Creating Curves on CNC Equipment

Instructions for cutting curved shapes can be hand-programmed, but it makes more sense to draw in CAD and import the shapes to the CNC controller. October 26, 2005

I am interested in making some new programs for the Weeke CNC machine at our factory. I am having a little trouble using WoodWOP 4.5 when designing worktops, etc with curves or arcs. For instance, looking at an example on our machine, making an oval top is a complicated mess of SINE and COSINE rules to plot out the points. Surely you don't need a degree in mathematics to design these shapes?

I notice some people are using AutoCAD 2000 or similar to design shapes. Would this make my life easier? If so, I may get the company to purchase AutoCAD.

Forum Responses
(CNC Forum)
From contributor B:
I never could understand why some CNC manufacturers send out machines without guidance on using drawing programs such as AutoCAD and G-code CAM software to create code. Nothing could be more accurate and simpler. It just makes no sense to me to write code when CAM software will take your CAD drawing and generate the code.

Any CAD program that will output a .dxf file will work, as that is what the CAM packages I know of import. I use Enroute 3 Pro for my CAM work, but there are many other programs out there in that and lower price ranges.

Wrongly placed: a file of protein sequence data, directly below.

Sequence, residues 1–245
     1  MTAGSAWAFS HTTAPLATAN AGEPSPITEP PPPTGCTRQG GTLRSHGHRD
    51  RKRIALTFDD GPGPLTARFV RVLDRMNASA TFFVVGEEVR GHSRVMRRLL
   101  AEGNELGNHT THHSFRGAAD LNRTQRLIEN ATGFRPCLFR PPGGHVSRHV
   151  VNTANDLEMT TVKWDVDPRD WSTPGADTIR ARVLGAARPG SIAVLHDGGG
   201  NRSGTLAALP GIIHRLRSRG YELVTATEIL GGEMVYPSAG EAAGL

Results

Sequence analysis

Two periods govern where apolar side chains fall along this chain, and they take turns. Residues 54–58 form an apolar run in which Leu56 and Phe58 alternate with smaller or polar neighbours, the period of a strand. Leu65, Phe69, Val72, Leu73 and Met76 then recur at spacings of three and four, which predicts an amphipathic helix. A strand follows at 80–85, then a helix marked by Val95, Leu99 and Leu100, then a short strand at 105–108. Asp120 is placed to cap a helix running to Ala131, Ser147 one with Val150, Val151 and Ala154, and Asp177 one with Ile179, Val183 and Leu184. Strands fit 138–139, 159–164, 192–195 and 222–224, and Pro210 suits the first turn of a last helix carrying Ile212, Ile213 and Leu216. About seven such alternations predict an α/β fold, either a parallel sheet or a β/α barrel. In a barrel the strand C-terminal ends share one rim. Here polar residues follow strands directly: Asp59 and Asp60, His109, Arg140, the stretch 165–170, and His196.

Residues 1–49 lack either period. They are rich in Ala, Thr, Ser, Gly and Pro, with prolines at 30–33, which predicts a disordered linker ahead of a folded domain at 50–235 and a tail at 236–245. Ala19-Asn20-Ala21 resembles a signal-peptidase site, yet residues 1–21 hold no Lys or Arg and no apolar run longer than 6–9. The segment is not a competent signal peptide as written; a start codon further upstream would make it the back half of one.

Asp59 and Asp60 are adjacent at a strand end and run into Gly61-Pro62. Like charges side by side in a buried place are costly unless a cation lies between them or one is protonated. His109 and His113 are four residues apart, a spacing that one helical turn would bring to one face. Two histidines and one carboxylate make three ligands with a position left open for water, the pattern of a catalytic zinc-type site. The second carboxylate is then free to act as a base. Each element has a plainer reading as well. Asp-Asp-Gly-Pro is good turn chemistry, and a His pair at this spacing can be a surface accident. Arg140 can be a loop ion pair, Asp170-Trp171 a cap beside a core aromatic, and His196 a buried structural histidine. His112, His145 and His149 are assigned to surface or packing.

If there is someone that can explain to me an advantage of writing code versus using CAD and CAM software, I would love to learn the reasons.

From contributor M:
From what I know of Weeke machines, you don't need the full version of Autocad for 2D shapes. You can get by with any version of Autocad Lite. In order for Woodwop to import a dxf, you must assign the geometry to specific layers that should be part of the machine documentation. You will probably have trouble with ellipses and splines, but there are workarounds for that. I am in the same corner as the contributor above. I don't think the customer is well served when a distributor sells a machine without a reasonable CAM package included. Everyone makes their fair share of rectangles, but the machines exist because of their ability to cut arcs on multiple planes.